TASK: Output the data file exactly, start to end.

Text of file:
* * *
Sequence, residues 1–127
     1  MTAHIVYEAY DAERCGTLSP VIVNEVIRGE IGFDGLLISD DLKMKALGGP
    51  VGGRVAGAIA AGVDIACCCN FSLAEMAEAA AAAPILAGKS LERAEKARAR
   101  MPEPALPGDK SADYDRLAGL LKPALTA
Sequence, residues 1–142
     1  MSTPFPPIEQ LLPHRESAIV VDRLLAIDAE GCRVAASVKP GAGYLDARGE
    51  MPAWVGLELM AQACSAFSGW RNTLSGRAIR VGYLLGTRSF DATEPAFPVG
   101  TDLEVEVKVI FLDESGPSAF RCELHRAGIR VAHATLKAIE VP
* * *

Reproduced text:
Sequence, residues 1–127
     1  MTAHIVYEAY DAERCGTLSP VIVNEVIRGE IGFDGLLISD DLKMKALGGP
    51  VGGRVAGAIA AGVDIACCCN FSLAEMAEAA AAAPILAGKS LERAEKARAR
   101  MPEPALPGDK SADYDRLAGL LKPALTA
Sequence, residues 1–142
     1  MSTPFPPIEQ LLPHRESAIV VDRLLAIDAE GCRVAASVKP GAGYLDARGE
    51  MPAWVGLELM AQACSAFSGW RNTLSGRAIR VGYLLGTRSF DATEPAFPVG
   101  TDLEVEVKVI FLDESGPSAF RCELHRAGIR VAHATLKAIE VP